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February 6, 2013
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Legal News in Brief

  Corporate Spotlight 
  National News 
  Legislative Dispatch 
  • Obama calls for short-term budget deal
    President Barack Obama is urging Congress to pass a package of stopgap tax increases and spending cuts to avert deep across-the-board reductions in military and domestic spending set to take effect March 1. He said the action would give lawmakers time to work out a comprehensive deficit-reduction plan that would put automatic sequestration of funds to rest permanently. Obama said there is no need to endanger "the jobs of thousands of Americans." The New York Times (tiered subscription model) (2/5), Reuters (2/5), Bloomberg (2/5) LinkedInFacebookTwitterEmail this Story
  Employment Focus 
  • ACA could spur part-timers to receive benefits, data suggest
    About half of part-time employees who were eligible for employer-sponsored health care benefits last year signed up for the coverage, according to data from ADP Research Institute. That number could increase significantly next year when employers are required to provide health coverage to anyone working at least 30 hours per week. "I don't think employers will be surprised by this data. ... But the jury is still out on how they will respond," said Andrew Weber, CEO of the National Business Coalition on Health. Workforce online (2/4) LinkedInFacebookTwitterEmail this Story
  Supreme Court and Federal Court Watch 
  • Class-action complaint alleges misinformation on Zoloft's efficacy
    Plaintiffs have brought a class-action complaint alleging that the prescription drug Zoloft, which is designed to help patients with depression, isn't as effective as they were led to believe. "It's a claim that the prescribing doctors and patients have been misinformed or under-informed about Zoloft's inability to outperform placebos in many trials," according to Michael Baum of Baum, Hedlund, Aristei & Goldman. A Pfizer spokesman said the complaint was "groundless." The National Law Journal (free registration) (2/4) LinkedInFacebookTwitterEmail this Story
  Other Legal News 
  • Lawyers share their pro bono experiences
    Pro bono work has become a more formalized part of the legal profession in recent years, but one thing that hasn't changed is the profound effect it can have on the lives of attorneys. This article profiles several lawyers, including Elizabeth Joy Fossel, who does up to 250 hours of pro bono work annually. "The true reason I went to law school was to help people who are really in a pickle," she said. (2/1) LinkedInFacebookTwitterEmail this Story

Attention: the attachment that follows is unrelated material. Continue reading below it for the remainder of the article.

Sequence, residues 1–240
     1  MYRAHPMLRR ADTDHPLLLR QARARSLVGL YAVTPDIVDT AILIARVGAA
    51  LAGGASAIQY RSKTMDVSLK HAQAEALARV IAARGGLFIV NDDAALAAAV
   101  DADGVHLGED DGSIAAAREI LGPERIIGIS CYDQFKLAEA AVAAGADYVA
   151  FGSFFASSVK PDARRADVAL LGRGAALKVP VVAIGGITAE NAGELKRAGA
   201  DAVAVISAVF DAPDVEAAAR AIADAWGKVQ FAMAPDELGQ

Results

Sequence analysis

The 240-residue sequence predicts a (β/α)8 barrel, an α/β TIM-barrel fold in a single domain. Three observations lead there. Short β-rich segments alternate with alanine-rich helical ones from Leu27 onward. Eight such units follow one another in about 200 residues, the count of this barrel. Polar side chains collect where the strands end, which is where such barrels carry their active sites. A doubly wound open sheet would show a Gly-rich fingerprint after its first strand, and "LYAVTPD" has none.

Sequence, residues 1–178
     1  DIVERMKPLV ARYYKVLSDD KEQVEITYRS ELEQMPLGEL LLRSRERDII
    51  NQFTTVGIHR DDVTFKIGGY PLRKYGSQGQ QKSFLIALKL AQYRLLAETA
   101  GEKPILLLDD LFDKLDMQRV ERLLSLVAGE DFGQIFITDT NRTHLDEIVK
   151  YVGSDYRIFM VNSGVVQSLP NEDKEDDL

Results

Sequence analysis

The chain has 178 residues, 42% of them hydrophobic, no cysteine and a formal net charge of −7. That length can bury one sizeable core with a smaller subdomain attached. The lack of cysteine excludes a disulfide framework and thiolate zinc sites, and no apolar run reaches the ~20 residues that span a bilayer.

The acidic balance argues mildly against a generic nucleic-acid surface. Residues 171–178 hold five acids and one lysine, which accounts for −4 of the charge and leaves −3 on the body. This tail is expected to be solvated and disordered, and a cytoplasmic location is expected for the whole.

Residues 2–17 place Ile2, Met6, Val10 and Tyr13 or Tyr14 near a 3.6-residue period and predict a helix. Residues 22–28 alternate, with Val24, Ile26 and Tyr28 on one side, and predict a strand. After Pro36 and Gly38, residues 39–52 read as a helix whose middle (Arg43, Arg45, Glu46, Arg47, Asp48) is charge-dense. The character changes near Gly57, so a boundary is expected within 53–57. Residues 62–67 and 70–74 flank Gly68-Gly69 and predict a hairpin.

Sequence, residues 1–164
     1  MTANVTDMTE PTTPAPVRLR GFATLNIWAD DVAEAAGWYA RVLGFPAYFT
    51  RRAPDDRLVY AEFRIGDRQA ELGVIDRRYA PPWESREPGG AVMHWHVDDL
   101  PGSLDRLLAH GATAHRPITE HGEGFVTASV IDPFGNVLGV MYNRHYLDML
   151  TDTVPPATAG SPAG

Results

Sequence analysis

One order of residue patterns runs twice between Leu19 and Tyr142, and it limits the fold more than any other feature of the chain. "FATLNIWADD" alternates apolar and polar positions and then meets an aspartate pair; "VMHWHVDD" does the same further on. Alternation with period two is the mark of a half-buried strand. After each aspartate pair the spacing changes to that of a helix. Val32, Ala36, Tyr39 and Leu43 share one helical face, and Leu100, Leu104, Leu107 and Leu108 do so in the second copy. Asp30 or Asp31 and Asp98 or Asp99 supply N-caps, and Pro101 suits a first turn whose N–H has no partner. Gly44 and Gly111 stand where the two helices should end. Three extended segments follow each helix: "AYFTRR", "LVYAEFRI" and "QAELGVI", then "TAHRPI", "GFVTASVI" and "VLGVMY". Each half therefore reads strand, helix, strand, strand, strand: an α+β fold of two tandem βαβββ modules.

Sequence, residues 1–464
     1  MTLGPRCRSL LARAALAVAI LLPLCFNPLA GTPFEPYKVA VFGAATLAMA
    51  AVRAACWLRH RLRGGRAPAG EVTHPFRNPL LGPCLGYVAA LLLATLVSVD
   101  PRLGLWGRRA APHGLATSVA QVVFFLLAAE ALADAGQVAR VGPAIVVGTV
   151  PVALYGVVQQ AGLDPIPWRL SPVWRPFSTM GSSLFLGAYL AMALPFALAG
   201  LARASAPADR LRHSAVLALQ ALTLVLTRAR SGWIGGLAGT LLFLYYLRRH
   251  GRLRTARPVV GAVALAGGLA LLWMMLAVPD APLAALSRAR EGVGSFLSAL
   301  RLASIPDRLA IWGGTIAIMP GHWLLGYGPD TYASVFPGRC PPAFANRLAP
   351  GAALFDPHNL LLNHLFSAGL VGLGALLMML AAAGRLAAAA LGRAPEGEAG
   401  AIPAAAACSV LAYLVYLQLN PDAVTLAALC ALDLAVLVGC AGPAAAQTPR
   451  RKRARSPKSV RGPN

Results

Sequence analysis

Professional and Business Development 
  • Career tips from a CIA spy
    CIA officers know that establishing relationships and learning to read the behavior and personalities of other people are critical to getting key information, which is an understanding that everyone could use to benefit their career, writes J.C. Carleson, a former CIA officer and author of "Work Like a Spy." "The truth is, spies rely on psychology far more than they do on technology," Carleson writes. The Wall Street Journal/Speakeasy blog (2/4) LinkedInFacebookTwitterEmail this Story
  • Does your boss consider you long-winded?
    Trying to present too many ideas at one time or getting bogged down in details can irritate a boss looking for concise conversations, writes Paul Hellman, founder of Express Potential. Always assume your boss is looking for shorter answers, and try to be more focused in your response, he writes. CNBC/Executive Careers (2/4) LinkedInFacebookTwitterEmail this Story
  PLI News 
  • The Art of Examining the Witness
    Rapid changes in patent law make it necessary, whether you are plaintiff's or defendant's counsel, that you are up-to-date on the current state of the law and can quickly develop successful litigation strategies and tactics. In a video clip on PLI's Patent Law Practice Center, experts from Wilmer Cutler Pickering Hale & Dorr provide a tutorial on the always crucial expert direct and cross-examination. LinkedInFacebookTwitterEmail this Story
  • The SEC Speaks in 2013
    Over the past year, the Securities and Exchange Commission has been engaged in a broad range of rule-making projects and other initiatives to implement the newly-enacted Jumpstart Our Business Startups Act and the Dodd-Frank Wall Street Reform and Consumer Protection Act. Hear from the chairman, commissioners and senior staff about the SEC's initiatives and priorities at this notable annual program, taking place in Washington, D.C., on Feb. 22 and 23. LinkedInFacebookTwitterEmail this Story
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I've learned that people will forget what you said, people will forget what you did, but people will never forget how you made them feel."
--Maya Angelou,
American author and poet

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